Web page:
The signing of the ‘framework agreement’ between the Sudanese military and the Forces for Freedom and Change-Central Council (FFC-CC) and other civilian groups has reportedly been scheduled for tomorrow. The Trilateral Mechanism spoke with hold-out rebel movements in Juba in the hope to involve them in the agreement.
Sources from the FFC-CC told Radio Dabanga that its Executive Office on Thursday completed the final text of the initial agreement, after including all the parties' comments.
FFC-CC had previously handed copies of the draft agreement to a large number of political parties and groups, including the resistance committees, and gave them a period of time to submit their observations.
This initial ‘framework’ agreement does not deal with the thorny issues of transitional justice, security and military reform, the implementation of the Juba Peace Agreement, and the dismantling of the remnants of the ousted dictatorial regime of Omar Al Bashir.
Agreements on these issues have been postponed to the ‘final agreement’ due to the lack of consensus within the FCC.
The direct talks between the military junta and opposition groups regarding the handover of power to a civilian government were brokered by the African Union (AU), Intergovernmental Authority on Development (IGAD), and the United Nations, who together form the Trilateral Mechanism.
El Hilu and El Nur
A delegation of the Trilateral Mechanism met with Abdelaziz El Hilu, the head of the Sudan People's Liberation Movement-North (SPLM-N El Hilu) in the Nuba Mountains, in the South Sudanese capital Juba yesterday morning.
The delegation of the AU, IGAD, and UN envoys to Sudan, Mohamed Belaiche, Ismail Wais, and Volker Perthes, called on the SPLM-N El Hilu to support the framework agreement and return to the peace talks.
The hold-out rebel movement said in a press statement on its website that the ongoing political process in Sudan should lead to ending the hegemony of the military and not to restoring the old partnership between the military and civilian groups.
The statement stressed the necessity of addressing “the roots of the Sudanese crisis” and achieving a comprehensive peace, rather than dividing power among the existing political elites.
SPLM-N leader Gatiko Dalman reported on his Facebook page that the movement and the Trilateral Mechanism delegation agreed that the ongoing political talks will be a prelude to “a comprehensive and radical peace process”.
The delegation also met with leaders of the Darfuri Sudan Liberation Movement under the leadership of Abdelwahid El Nur (SLM-AW) yesterday.
The SLM, another key hold-out rebel movement, said in a press statement on its website that its delegation had stressed that “any political settlement that does not fully achieve the goals of the revolution and does not find acceptance by the revolutionaries in the street and the Sudanese people is totally and completely rejected”.
The movement holds to its stance that “the solution of the national crisis does not take place through bilateral agreements that have been tried before and failed. It should begin with the distancing of the military from the country's governance and the formation of a transitional civilian government of non-partisan technocrats, followed by a country-wide inter-Sudanese dialogue to address the roots of the national crises”.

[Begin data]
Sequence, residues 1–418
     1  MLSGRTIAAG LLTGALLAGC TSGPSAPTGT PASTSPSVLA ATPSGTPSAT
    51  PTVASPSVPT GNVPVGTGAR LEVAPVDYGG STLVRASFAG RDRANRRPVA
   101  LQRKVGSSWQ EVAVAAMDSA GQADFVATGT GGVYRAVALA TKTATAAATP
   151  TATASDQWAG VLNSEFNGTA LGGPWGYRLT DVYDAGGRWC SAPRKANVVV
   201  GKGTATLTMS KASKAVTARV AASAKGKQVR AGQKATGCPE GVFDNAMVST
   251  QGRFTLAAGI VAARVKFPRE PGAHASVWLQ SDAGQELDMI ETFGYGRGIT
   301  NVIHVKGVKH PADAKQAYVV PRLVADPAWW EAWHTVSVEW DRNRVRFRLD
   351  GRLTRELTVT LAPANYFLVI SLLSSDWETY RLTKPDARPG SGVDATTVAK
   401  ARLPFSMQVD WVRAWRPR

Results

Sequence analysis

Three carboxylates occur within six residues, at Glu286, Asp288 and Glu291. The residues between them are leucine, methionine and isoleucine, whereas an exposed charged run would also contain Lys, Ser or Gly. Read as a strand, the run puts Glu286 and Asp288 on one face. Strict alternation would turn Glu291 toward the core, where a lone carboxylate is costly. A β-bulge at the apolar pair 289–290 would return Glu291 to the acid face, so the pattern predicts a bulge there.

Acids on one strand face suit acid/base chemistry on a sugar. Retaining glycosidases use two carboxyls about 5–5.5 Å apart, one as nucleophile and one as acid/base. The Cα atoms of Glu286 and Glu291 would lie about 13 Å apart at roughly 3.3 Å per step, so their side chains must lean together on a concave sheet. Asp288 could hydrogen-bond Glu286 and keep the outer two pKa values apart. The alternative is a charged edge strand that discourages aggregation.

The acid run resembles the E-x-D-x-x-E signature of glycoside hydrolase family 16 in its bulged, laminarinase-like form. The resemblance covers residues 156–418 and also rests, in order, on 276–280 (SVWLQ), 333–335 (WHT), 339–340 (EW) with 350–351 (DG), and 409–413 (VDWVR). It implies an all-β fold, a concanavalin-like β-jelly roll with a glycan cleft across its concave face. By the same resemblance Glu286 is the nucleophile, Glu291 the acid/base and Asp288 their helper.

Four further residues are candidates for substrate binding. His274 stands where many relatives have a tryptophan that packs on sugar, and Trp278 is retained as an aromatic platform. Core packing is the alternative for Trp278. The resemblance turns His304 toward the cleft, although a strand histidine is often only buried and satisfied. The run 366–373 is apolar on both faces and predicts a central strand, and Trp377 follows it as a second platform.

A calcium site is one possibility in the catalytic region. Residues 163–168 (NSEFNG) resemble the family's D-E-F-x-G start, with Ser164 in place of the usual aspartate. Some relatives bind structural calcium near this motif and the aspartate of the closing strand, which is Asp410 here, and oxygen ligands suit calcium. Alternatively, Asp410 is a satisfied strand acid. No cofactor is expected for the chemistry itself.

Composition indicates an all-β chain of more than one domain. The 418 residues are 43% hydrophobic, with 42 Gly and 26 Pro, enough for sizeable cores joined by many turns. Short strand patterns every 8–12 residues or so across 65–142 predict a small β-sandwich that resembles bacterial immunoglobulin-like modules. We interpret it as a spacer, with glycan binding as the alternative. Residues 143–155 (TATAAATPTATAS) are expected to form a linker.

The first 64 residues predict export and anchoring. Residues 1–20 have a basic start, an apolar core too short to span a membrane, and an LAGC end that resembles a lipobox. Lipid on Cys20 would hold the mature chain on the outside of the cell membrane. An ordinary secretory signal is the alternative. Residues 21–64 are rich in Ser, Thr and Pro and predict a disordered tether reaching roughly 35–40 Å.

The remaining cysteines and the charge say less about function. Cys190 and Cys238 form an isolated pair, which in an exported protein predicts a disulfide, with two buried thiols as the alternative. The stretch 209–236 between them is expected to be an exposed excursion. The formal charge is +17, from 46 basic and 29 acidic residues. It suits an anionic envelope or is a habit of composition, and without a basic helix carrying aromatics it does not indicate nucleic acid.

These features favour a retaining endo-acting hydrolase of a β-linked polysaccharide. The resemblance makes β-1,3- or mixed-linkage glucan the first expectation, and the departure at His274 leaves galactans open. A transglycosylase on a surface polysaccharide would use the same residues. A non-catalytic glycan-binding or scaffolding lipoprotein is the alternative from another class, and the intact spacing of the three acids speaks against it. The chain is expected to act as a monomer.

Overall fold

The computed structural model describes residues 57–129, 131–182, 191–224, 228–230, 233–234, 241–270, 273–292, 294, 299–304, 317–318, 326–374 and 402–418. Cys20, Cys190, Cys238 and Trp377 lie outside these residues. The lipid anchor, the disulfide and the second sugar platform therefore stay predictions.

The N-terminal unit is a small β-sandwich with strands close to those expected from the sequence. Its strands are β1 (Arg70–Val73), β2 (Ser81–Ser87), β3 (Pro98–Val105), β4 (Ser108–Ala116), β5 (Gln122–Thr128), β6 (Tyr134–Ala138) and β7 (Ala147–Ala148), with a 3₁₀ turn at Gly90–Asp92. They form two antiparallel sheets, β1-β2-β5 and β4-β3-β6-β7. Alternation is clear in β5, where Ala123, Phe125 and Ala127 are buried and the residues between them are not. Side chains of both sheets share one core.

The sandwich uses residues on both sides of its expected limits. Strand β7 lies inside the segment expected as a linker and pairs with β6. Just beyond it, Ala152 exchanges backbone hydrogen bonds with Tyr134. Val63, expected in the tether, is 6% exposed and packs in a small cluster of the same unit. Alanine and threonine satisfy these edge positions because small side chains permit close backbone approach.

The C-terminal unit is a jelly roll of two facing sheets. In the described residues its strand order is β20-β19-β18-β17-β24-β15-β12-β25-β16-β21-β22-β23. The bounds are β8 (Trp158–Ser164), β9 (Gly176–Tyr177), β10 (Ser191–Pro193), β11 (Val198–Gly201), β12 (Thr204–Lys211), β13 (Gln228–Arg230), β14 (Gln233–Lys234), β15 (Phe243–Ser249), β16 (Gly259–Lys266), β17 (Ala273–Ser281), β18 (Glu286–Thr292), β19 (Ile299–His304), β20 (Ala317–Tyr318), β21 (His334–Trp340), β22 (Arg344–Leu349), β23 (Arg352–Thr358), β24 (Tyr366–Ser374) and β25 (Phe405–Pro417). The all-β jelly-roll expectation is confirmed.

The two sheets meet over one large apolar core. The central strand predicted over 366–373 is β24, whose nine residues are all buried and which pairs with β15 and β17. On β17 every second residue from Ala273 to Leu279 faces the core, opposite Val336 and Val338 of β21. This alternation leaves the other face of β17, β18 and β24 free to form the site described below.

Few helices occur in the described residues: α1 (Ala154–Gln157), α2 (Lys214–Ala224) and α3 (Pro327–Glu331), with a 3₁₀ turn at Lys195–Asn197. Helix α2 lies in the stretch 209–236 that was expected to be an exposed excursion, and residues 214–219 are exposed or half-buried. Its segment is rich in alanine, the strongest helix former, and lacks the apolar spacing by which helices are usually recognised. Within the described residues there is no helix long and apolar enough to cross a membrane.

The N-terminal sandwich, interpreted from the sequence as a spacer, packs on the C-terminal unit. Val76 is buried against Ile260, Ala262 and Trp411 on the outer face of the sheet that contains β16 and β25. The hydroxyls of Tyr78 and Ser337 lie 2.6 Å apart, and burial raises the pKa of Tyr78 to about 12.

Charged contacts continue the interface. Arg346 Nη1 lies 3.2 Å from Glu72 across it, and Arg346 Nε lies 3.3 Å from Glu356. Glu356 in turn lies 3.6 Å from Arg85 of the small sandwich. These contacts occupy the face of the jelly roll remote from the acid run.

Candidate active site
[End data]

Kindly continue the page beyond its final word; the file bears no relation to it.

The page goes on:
'The solution […] should begin with the distancing of the military from the country's governance' – SLM-AW
The SLM-AW stressed the importance of justice and insists that all those involved in crimes and violations against the Sudanese people must be held accountable.
The military’s demand for impunity has formed one of the main points of contention within the negotiations and agreements on the issue of justice, including possible immunity from prosecution, have been postponed to the ‘final agreement’.
The FFC recently denied that it would allow the military to escape accountability but resistance committees and families of murdered protesters fear that this promise might be empty.
Abdelsalam Kesha, father of a young protester killed during the demonstrations against the military junta, declared his rejection of “any option other than criminal justice” regarding the martyrs' cases.
Human rights defender Abdelbagi Jibril explained that the military’s demand for immunities means that they fear the consequences of the actions committed.
Hold-out rebel movements
Both the SPLM-N El Hilu, with its stronghold in Kauda, South Kordofan, and the mainstream SLM-AW in Darfur did not join the peace negotiations in Juba. Both criticise the level of collaboration with the military and the Rapid Support Forces (RSF), Sudan’s most infamous paramilitary that has been responsible for widespread atrocities in Darfur.
For years, El Nur adhered to his position that the SLM-AW will only join peace negotiations after security and stability have been realised in Darfur, Sudan’s conflict-torn western region.
El Hilu separately entered into negotiations following a visit of PM Abdallah Hamdok in January 2020, but withdrew half a year later in protest of the chairmanship of the government delegation by Lt Gen Mohamed Hamdan ‘Hemeti’, Deputy Chairman of the Sovereignty Council and Commander-in-Chief of the Rapid Support Forces (RSF).
El Hilu described the Juba Peace Agreement signed by the Sudanese government and the Sudan Revolutionary Front (SRF), an alliance of a number of rebel movements, as “a quota deal between the elites and the RSF generals, which has nothing to do with the crucial issues of concern in Sudanese society”.
In a statement on November 16, 2020, SLPM-N El Hilu reaffirmed its position that “the path to peace begins by addressing the roots of